Many social conservatives may see these findings as laying a foundation for various social and cultural changes they wish to oppose. I am not chiming in on that aspect of a report like this. That may very well be an important part of cultural engagement.
What I would like to see people of faith grapple with is how to respond in a more pastoral way to the experiences of transgender persons and how to position faith communities to respond in a dramatically changing cultural context. I have yet to see a fully-developed and thoughtful, Christian response. When I pitched my book to the editors at InterVarsity Press, I noted that the evangelical church is not prepared for a nuanced discussion of gender identity and transgender presentations.
Not much has changed in the year and a half since the book was first released.
I do see more Christian leaders and institutions asking questions about gender identity and transgender experiences. That is a start. But mostly I see a posture that will likely reflect more of a defense against an attack on institutions. This is more “culture war” than cultural engagement. More “defending turf” than coming alongside.
A new book titled Transgender Youth: Perceptions, Media Influences and Social Challenges has been published by Nova Science. Research team members from the Institute for the Study of Sexual Identity have two chapters in this edited volume.
One chapter is titled, “Transgender Christians: Gender Identity, Family Relationships, and Religious Faith.” This chapter presents a study we conducted of transgender Christians. We took a narrative approach and invited participants to share the “chapters” of their lives in relation to gender identity and faith. They discussed initial chapters of gender identity awareness, a subsequent chapter about the conflict they experienced with others about their gender identity, and then a chapter on religious identity. This moved toward a chapter back to gender identity concerns (religious identity did not resolve gender incongruence), followed by a chapter in which participants described ways they have learned to cope with their gender identity concerns.
The second chapter is titled, “Christian Parent’s Experiences of Transgender Youth During the Coming Out Process.” This chapter is based on a study we conducted that is really a subset of a larger study of the experiences of Christian parents when their children come out to them as LGBT. The subset presented in this chapter are the parents whose children came out to them as transgender. We discuss common responses to disclosure of a transgender identity, as well as what happens to the parent-child relationship over time.
LOVEboldly hosted an event called Restore: An Evening on Faith, Sexuality and Gender Identity. They recently posted it and you can view it above. It was an unusual event insofar as there were gracious and unassuming exchanges among all of those who participated.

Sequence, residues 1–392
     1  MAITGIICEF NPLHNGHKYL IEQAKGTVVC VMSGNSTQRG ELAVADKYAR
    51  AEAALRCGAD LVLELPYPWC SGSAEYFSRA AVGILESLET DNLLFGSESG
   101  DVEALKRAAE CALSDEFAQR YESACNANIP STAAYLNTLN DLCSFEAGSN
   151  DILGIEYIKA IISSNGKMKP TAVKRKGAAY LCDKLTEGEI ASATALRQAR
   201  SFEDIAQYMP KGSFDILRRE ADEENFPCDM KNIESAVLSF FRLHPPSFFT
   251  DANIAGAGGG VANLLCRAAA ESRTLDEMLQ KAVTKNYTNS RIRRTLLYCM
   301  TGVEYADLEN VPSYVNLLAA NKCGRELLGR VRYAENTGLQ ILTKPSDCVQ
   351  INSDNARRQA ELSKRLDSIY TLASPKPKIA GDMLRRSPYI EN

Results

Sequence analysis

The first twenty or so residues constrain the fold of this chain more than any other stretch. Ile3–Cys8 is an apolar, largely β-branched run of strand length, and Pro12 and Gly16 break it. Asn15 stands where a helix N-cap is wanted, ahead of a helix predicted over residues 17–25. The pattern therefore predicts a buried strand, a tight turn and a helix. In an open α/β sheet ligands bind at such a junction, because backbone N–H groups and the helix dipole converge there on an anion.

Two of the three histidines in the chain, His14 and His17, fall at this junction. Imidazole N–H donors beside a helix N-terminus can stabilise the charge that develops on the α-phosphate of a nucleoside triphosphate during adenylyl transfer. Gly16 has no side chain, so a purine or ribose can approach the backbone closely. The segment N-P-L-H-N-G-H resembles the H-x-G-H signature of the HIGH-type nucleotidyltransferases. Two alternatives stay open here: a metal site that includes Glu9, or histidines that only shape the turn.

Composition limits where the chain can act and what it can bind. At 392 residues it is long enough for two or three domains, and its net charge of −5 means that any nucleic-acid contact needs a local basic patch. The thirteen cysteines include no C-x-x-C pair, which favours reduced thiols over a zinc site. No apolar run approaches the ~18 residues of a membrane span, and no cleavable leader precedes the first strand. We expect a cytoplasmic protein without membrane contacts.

This past week I had the opportunity to equip youth ministers in their ministry to LGBT+ youth. I was at the National Youth Worker’s Convention in Cincinnati. One session was a 5-hour intensive; the other was 1.5 hour workshop. Both were with my friend, Julie Rodgers.
The experience is unique in many ways. Youth ministers are in the trenches. They are on the front-line of ministry. In fact, it was through my experience equipping them 3 or 4 years ago that I first thought about writing a book on Gender Dysphoria. Many youth ministers at that time were asking questions about transgender and gender-diverse youth, and I began to realize that if these questions were being asked in youth ministry, the experiences of transgender persons and the topic of gender identity was going to soon become part of a larger, national discussion that evangelical Christian were not prepared for.
Another way in which the experience is unique is that we really do not delve into doctrine regarding sexuality and sexual behavior per se. The NYWC is a big tent that draws representatives from many churches, including conservative and liberal churches. So rather than make sessions about what attendees may disagree on, such as the moral status of same-sex behavior), we focus on improving youth ministry within the context of their doctrinal position.
This year we focused on a ‘map’ for ministry to LGBT+ youth. That map plays off of the metaphor that teenagers are navigating difficult terrain, a metaphor I developed in the book, Understanding Sexual Identity. We discussed the importance of parents (‘base camp’) and how the quality of that relationship is the best predictor of a teenagers well-being over time. We also discussed common ‘markers’ along the train, which, in our work are milestone events in sexual identity development. Milestones include first awareness of same-sex attraction, first sexual behaviors, first disclosure to others, first attribution (about what experiences of same-sex attractions mean to them), first labeling oneself (privately or publicly), and so on.
My sense from the audience at both the workshop and the longer intensive is that they were going away with a helpful metaphor that can be translated into a helpful posture toward LGBT+ youth. These were big-hearted, kind, and generous youth ministry staff and volunteers who absolutely love their kids. My friend Julie says that the most frequently asked question by LGBT+ youth in youth ministry is, “Am I wanted here?’ This is a group of youth ministers who wanted as a group to say, “Yes, you are wanted here. There is no where we’d want you to be than in our youth ministry.”